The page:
The US and EU are making the same claim: a free-trade deal would improve conditions for medium-sized companies. But the progress in negotiations is very slow.

read more 8 minutes

von Justus von Daniels , Marta Orosz

This article was also published in the EUobserver (April 26)

The company Code Mercenaries can be found in the south of Berlin, several miles outside city limits. 

This is where Guido Koerber and his eight employees produce microprocessor chips for keyboards. Not for PC or Apple computers, but personalised orders for industrial machines. 

Koerber’s company does exactly what Germany’s small and medium-sized enterprises are praised for: offering a highly specialised niche product that is successful overseas. Roughly 90 percent of Koerber’s merchandise stays in the EU, the other 10 percent goes to customers in the US.

But when it comes to exporting across the Atlantic, there is significant room for improvement. For Koerber, the biggest problem is various regulatory standards in America. 

Patchwork in the US

When it comes to permits and product licensing, the US is a patchwork of different rules and regulations. Each of the 50 states of the US sets its own safety standards. 

When selling within Europe, it is straightforward. Koerber’s company produces its microprocessors according to CE-standards, which are accepted by all of the EU member states. He can bring his product to market anywhere in the EU as long as he complies with these regulations. 

If he wants to sell a product in the US, he first needs to be certified by a US institute, despite already meeting the CE-standard of approval.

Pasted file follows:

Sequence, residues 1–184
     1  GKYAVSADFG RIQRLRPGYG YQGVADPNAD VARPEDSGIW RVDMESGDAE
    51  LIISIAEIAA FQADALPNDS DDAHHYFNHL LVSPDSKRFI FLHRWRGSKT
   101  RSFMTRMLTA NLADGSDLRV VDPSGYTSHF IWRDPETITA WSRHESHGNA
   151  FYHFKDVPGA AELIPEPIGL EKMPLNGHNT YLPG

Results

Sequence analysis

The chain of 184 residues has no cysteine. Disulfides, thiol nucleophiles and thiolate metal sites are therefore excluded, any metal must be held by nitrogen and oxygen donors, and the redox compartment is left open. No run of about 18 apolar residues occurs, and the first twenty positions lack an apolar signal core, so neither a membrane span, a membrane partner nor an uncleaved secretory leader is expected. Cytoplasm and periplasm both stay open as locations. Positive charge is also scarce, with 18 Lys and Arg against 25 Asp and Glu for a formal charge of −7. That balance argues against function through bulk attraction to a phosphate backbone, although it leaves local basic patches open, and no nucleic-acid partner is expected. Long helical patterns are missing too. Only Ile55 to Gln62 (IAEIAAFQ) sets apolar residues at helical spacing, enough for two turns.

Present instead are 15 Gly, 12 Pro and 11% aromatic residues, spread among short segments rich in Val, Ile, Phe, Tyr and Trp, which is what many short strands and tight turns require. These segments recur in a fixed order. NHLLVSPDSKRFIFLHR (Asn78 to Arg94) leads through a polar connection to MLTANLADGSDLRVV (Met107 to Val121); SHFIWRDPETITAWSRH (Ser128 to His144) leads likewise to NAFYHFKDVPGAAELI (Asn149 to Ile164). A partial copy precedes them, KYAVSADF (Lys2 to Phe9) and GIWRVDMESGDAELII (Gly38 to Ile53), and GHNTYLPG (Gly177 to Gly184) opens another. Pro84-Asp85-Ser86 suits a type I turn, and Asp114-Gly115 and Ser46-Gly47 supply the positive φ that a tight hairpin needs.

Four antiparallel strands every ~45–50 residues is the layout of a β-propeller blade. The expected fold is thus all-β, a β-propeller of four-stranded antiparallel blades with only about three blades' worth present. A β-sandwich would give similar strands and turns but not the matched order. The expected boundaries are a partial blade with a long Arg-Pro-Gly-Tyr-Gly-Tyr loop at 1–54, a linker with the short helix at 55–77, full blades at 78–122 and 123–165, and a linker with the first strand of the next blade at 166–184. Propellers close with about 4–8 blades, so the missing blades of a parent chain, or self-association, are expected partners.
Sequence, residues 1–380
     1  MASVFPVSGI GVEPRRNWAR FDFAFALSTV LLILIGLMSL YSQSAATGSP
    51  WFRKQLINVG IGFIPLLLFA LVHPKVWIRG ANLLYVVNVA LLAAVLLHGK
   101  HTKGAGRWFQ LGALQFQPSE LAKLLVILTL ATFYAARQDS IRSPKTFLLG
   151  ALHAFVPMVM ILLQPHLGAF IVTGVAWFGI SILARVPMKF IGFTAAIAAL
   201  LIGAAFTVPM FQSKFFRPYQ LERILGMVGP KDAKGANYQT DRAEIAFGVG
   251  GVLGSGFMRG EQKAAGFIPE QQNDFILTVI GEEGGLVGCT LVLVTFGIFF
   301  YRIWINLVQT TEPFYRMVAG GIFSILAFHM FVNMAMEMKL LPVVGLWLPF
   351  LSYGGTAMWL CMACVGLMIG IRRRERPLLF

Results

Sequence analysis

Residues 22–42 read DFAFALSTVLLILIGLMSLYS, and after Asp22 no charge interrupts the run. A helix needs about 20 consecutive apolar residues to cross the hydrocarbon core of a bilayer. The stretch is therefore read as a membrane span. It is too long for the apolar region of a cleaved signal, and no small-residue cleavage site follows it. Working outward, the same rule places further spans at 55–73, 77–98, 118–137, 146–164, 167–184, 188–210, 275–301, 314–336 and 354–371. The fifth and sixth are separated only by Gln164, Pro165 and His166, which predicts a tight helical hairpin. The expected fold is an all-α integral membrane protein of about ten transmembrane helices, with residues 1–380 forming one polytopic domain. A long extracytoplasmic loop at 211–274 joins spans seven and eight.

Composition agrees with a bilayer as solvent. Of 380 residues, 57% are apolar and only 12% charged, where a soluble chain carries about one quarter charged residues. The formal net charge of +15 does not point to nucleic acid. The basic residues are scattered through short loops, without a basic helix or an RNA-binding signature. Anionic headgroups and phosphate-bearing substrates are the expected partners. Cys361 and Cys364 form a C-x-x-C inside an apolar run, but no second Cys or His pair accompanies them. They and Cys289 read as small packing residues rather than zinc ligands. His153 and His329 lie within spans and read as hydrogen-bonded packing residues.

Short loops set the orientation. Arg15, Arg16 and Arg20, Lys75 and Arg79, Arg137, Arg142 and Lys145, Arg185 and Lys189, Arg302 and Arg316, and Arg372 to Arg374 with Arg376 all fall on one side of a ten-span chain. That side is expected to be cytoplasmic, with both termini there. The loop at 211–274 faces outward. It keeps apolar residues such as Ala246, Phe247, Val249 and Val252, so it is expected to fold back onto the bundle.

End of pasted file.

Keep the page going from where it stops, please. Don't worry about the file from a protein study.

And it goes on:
„In the US, there are multiple certification institutes, but not all certifications are recognised everywhere in the country. This can cost me upwards of €10,000“, Koerber said.

Seatbelts and headlights

There is no single industry standard in the US and there are 17 competing certifiers. What is approved in Arizona might not be accepted in Florida. This regulatory chaos isn’t only bad for international companies, but for American companies as well.

Ideally, this is where TTIP, the transatlantic trade pact, would step in. For example, indicators for cars have been proven safe in both regions of the world; US thermometer safety has been recognised and EU machines have proven to be fire-safe. The companies that produce these products were promised that the quality and safety standards would be recognised by both sides, thanks to TTIP. Meaning these businesses could export their products without dealing with the extra bureaucracy. 

This has been one of the main pillars of argument in support of TTIP.

But it looks like this promise will go unfulfilled.

On Monday (25 April), the Hannover Fair, one of the world’s leading trade fairs for industrial technology, kicked off. President Barack Obama and German chancellor Angela Merkel opened the event. Other senior TTIP negotiators and European Commission President Jean-Claude Juncker will also visit the fair.

World leaders will be watching closely and looking for signs as to whether TTIP will be adopted by the end of 2016. 

But what kind of TTIP will be adopted? Who stands to benefit from this trade pact?

Slow progress

After the last round of negotiations in February, EU trade commissioner Cecilia Malmstroem announced that progress had been made regarding car standards. „We have reached an agreement on seatbelts and headlights“, Malmstroem said. 

Seatbelts and headlights. Nothing else after nearly three years of negotiations? Surely it should have been possible to address blinkers, rear view mirrors and crash tests during this same time period?

Apparently not.

Public records from the last round of negotiations in Brussels show that things move slowly: „The parties exchanged detailed information on each of the issues, agreeing that more detailed inter-sessional work on technical details would be needed“, the chapter on cars read.

In other words: Nothing was accomplished.

Crumbling support

This is also true in other areas. In many cases, progress is negligible. Take engineering for example. At an internal meeting, the European Commission cautiously suggested excluding this chapter from the negotiations due to the lack of progress made so far.